Our tree went up on it’s appointed day. While others were doing battle in far off places like Wal Mart and Target, I was engaged in my own with boxes, lights and bows. It was a much different experience transforming this place into it’s Christmas wonderland. With my wife’s still limited mobility, she became the foreman and chief designer and I became the laborer. I would have to say that the working arrangements were better than any other place of employment. With different furniture after 8 years here, we now had a new setting to deal with and the hardwoods just seemed to make it even “christmasier”.
Anyway, back to the tree. I love our tree. It’s lights are already built in and after years of stringing and bulb checks, I think that I’m quite entitled. After all, I’m sure that Santa has never dealt with his own lights so why should I? As I said, she was the foreman, I was the laborer, and the task was the tree. She unpacked the ornament boxes, handed them to me, and watched with amusement as I tried to “engineer” it’s design. Have I told you that we really have too many ornaments for this tree? I’m needing to do some “quake like” reinforcement to be assured that it will remain in an upright position and so it won’t void the warranty. My wife and I don’t agree on engineering. We always get to a point, each and every year, where I see the tree as half full and she see’s half empty, which means…………..more ornaments. And so it went on “Black Friday”. She kept handing and I kept searching for adequate space. It’s a spruce not a redwood after all.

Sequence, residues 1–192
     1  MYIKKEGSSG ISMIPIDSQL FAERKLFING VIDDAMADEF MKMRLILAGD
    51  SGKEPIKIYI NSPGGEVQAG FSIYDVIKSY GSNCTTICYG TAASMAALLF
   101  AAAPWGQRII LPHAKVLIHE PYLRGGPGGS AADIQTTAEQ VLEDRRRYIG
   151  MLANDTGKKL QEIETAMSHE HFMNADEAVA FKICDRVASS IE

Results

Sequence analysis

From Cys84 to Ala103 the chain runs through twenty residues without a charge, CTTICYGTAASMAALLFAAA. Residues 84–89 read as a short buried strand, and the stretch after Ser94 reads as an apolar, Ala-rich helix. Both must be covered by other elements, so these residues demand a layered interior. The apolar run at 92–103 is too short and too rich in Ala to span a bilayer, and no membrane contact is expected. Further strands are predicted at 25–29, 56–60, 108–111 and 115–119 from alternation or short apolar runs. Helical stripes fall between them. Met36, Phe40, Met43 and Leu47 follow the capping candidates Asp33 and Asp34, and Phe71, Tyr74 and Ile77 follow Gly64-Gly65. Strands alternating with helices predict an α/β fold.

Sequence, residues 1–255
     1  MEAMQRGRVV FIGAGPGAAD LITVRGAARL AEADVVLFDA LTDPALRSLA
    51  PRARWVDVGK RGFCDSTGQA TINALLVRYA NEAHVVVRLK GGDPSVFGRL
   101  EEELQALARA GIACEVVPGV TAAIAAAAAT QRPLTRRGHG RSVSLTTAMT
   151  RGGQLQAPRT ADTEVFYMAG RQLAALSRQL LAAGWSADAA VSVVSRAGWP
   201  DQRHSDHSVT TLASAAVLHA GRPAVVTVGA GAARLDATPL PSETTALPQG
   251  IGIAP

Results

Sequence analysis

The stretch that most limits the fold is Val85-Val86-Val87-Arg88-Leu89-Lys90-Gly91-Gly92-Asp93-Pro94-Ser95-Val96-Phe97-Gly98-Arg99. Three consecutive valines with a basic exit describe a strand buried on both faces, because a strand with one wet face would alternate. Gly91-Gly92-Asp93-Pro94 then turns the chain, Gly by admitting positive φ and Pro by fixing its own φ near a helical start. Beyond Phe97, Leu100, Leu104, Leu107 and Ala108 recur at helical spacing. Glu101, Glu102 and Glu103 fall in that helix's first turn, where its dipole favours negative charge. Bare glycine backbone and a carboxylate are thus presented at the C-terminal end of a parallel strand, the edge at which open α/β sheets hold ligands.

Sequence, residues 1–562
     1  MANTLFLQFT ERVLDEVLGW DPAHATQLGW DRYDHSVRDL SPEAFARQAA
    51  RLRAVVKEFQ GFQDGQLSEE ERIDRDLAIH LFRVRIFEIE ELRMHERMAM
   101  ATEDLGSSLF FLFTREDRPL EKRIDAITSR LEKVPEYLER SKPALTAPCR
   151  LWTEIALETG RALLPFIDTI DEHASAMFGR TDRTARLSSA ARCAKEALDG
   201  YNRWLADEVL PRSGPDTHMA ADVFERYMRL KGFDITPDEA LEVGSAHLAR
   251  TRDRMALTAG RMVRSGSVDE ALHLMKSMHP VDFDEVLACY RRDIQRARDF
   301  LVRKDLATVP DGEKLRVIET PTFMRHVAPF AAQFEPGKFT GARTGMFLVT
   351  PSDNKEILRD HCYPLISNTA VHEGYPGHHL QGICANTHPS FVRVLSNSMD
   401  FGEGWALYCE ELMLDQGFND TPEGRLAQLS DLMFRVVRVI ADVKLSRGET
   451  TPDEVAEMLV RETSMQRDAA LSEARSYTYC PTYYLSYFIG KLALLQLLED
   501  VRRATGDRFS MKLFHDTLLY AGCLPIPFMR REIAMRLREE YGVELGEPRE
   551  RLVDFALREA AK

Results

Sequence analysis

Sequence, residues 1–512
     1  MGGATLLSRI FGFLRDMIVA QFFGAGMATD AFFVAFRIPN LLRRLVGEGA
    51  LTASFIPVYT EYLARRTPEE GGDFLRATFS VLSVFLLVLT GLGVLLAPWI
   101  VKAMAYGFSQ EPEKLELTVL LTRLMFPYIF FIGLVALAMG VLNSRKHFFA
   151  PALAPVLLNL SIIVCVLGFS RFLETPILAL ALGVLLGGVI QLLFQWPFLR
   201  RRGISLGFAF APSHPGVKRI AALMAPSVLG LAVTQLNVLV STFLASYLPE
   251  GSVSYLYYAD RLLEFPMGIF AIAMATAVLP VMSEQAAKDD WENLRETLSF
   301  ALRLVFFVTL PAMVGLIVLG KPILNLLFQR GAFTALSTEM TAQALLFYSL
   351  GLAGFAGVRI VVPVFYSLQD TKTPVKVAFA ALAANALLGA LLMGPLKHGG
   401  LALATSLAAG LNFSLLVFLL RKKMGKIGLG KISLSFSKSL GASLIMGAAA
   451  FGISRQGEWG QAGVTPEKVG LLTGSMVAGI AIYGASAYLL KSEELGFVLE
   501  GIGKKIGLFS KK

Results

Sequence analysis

What is interesting about ornaments, if you do this thing right, is that each of them has a story. Each was bought somewhere or brought somehow and became part of our monument to stories. There are store bought and home made. If you do this tree thing right, there are hardly any, if any random ornaments. If fact, if you do it correctly, you don’t have to have any “ornaments”. What you have is only stories. We have one that was bought on our honeymoon in the Christmas store on Cape Cod. We have the one of my grandfather holding our nearly newborn firstborn. We have one with a picture of Joanne and I washing dishes together near the time of our first Christmas. We have every “first Christmas” kind of ornament. We have the ones from preschooler’s and later schoolers. We have the one from the Corning Glass museum bought during the summer of my internship. We have those that were given by people in our community o’ faith. We have the antique ones left to my wife from her mom. By the end of the day, we no longer have a tree, we have a collection of stories standing in our window, lit by fiber optics for all the world to see.
If you were to walk by our house in the evening, and many people do, you’ll see our story burning brightly in the corner windows. The wonder of this all, for me, is that, over the years, our story has been woven into “The Story” that this season resonates with. All around us, especially in my line of work, we are reminded of the larger story of the baby in the manger,shepherds and sheep and the ushering in of hope that we celebrate this time of year. I’m not just a spectator in this one. I’m a story that is part of his story. I get to be an ornament on a bigger tree. My ornament probably looks more preschool than grad school. But I’m placed on there lovingly just the same.